Whatever your view of abortion, there are too many abortions, and too many of them are too late. Even abortion’s fiercest advocates don’t pretend that it’s a Good Thing – just the lesser of two evils.
In 2010 there were 189,574 abortions in England and Wales – an 8% increase in a decade. The tightly policed regime envisaged in 1967, when the Act became law, hasn’t existed for ages, if indeed it ever did. There is abortion on demand, whatever the statute book says.
1967 was a long time ago. There have been many medical advances and societal changes since then. It’s time to take stock of the Act.
That’s what a recently announced cross-party commission, to be chaired by Fiona Bruce MP, will do.
It will focus, rightly, on two issues: medical advances and attitudes to discrimination. Continue reading
It will be interesting to watch the reception of a recent Court of Protection case, as yet unreported, in which a woman with profound learning difficulties was found to have capacity to decide not to terminate her pregnancy.
As so often, the case decided nothing new. But it is a timely reminder of the trite but often overlooked principle that capacity is not an all or nothing thing. The question: ‘Does she have capacity?’ is always dangerously incomplete. The correct question is always ‘Does she have capacity to decide X?’
There was no doubt that she did not have capacity to manage many aspects of her affairs. She was in the bottom 1% of the population so far as intellectual function was concerned. Deputies were appropriately appointed. But, so far as the continuation of her pregnancy was concerned, so what?
It was decided as a matter of fact that she had capacity to decide whether or not to continue with, or to terminate, the pregnancy. And that meant that the Court of Protection had no jurisdiction to decide the matter. No best interests determination could lawfully be made. Continue reading
“Legitimate rape,” moral consistency, and degrees of sexual harm
Should abortions be allowed in the case of rape? Republican Todd Akin—running for the U.S. Senate from the state of Missouri—thinks not. His reasoning is as follows:
From what I understand from doctors, [pregnancy resulting from rape is] really rare. If it’s a legitimate rape, the female body has ways to try to shut that whole thing down. But let’s assume that maybe that didn’t work or something. I think there should be some punishment. But the punishment ought to be of the rapist, and not attacking the child.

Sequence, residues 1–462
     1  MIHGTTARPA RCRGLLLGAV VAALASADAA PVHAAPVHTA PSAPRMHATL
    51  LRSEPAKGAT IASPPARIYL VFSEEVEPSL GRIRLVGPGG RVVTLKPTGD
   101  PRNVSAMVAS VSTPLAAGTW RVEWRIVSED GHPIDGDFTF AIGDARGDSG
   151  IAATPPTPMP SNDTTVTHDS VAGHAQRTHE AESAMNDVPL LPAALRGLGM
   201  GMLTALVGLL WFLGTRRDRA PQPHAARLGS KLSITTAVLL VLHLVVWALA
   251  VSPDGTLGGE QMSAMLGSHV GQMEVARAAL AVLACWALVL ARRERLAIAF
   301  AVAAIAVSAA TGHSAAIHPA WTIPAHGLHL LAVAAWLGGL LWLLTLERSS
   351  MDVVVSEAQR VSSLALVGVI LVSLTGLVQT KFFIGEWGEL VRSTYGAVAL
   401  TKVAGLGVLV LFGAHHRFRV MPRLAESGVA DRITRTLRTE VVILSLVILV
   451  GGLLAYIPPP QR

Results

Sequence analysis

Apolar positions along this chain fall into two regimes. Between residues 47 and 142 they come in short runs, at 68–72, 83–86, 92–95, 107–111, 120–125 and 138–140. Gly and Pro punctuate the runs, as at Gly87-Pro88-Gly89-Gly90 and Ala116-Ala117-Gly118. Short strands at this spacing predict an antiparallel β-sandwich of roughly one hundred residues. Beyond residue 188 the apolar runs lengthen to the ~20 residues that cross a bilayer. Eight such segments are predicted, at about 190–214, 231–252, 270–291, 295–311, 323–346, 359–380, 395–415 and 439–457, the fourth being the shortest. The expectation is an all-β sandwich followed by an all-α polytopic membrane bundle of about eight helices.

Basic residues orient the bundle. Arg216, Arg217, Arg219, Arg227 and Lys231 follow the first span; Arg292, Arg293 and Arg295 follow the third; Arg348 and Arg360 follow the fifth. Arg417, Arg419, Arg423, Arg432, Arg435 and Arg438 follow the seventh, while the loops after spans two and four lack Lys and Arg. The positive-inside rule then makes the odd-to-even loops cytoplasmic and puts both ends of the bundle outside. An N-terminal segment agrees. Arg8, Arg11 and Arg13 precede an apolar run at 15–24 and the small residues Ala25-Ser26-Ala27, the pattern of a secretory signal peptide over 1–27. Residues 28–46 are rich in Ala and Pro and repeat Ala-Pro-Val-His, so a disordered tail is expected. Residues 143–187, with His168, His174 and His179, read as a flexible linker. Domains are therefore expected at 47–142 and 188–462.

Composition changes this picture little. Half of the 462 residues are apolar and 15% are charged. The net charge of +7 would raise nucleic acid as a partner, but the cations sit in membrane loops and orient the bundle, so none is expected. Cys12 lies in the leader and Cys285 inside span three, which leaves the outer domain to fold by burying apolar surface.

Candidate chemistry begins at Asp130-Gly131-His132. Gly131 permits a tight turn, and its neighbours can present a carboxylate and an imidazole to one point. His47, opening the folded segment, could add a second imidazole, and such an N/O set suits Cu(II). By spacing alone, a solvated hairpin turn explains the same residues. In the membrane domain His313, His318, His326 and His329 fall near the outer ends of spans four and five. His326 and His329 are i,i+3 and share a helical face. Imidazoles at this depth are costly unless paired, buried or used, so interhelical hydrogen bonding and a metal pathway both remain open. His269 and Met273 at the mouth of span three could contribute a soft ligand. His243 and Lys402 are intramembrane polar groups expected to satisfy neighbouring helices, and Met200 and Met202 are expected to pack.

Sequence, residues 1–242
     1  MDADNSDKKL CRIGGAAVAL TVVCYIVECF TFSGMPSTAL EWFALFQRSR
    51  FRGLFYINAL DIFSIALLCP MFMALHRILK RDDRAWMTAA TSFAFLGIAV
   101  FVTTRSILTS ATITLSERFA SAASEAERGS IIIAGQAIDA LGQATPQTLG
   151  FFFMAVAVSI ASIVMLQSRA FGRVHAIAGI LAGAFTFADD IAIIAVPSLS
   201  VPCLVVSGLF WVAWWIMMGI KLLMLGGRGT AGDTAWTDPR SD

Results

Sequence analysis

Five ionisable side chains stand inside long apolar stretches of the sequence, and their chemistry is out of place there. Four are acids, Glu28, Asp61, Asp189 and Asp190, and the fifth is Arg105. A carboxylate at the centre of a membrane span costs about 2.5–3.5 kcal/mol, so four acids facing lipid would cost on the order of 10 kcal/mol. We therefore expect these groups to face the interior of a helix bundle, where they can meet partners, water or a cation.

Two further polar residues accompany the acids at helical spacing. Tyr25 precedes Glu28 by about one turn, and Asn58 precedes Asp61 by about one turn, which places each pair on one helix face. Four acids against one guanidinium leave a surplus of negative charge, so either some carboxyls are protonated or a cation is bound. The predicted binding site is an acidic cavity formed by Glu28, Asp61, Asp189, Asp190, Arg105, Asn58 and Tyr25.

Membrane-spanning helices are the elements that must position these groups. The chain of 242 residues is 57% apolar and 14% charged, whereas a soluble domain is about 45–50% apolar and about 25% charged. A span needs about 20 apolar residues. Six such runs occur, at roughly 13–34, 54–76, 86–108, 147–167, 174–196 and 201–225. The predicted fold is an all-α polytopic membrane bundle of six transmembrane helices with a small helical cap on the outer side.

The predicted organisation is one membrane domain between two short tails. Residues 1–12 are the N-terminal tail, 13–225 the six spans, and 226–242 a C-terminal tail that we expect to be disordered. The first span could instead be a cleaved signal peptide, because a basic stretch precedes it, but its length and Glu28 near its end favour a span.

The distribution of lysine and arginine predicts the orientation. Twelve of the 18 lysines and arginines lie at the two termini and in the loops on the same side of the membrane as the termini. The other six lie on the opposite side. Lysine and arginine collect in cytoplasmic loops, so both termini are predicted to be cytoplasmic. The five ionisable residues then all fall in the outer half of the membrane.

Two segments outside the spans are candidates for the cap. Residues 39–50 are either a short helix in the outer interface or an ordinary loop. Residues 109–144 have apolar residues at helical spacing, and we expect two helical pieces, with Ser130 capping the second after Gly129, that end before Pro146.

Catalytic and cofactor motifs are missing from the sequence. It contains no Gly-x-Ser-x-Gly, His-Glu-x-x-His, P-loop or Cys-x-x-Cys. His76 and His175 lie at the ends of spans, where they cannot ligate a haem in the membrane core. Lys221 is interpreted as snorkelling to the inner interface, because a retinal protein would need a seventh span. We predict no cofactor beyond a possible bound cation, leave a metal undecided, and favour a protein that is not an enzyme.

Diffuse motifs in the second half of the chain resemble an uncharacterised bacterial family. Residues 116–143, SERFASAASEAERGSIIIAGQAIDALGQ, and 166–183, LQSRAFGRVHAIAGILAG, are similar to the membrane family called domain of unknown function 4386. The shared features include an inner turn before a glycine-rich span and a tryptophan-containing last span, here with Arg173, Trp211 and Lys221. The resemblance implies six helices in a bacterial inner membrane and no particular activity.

There appears to be no scientific basis for the claim that the trauma of forced intercourse can interrupt ovulation or in any other way prevent a pregnancy; indeed pregnancy is just as likely after rape as after consensual sex, according to the evidence I have seen. This news article sums up the relevant data - though please note that one of my readers [see comments] takes issue with the standard interpretation of the most frequently-cited studies.
Let’s start, for now, then, with a bit of data that is not in question: thousands of pregnancies per year, in the U.S. alone, ensue from cases of reported rape or incest–either through the caveat of Akin’s theory that “maybe [the body's defenses] didn’t work or something” or through the medically orthodox explanation that the body has no such defense. Assuming that falsely reporting rape is relatively rare, as seems to be the case; and acknowledging that many rapes are never reported in the first place, we should be able to agree that pregnancies resulting from rape are a life-changing reality for thousands of women on an annual basis. By “rape” I mean any penetrative act done without clear consent; and here I’m calling attention to the sub-set of such acts that result in conception. I won’t say much about the term “legitimate” — which I find troubling in a hundred ways — simply because other writers have gone to town on it, and I want to say something new.
Now, given everything I’ve just said, what could be going on with Todd Akin’s moral reasoning for him to casually downplay the relevance of rape and incest to the abortion debate while maintaining, as he does, that there should be no exceptions to anti-abortionism even in those cases? Psychologist Brittany Liu uses the notion of “moral coherence” to provide an explanation:
For those of us doing Catholic moral theology, we most often hear and read the name “Peter Singer” invoked by our colleagues in a dismissive way. Indeed, if one can somehow show that another’s argument is heading in a Singer-like direction, then for many of us one essentially has reduced it to the absurd. Furthermore, and very unfortunately, Singer remains consistently dismissed as a ‘popularizer’ who can’t be taken seriously as an academic given how widely his work is read.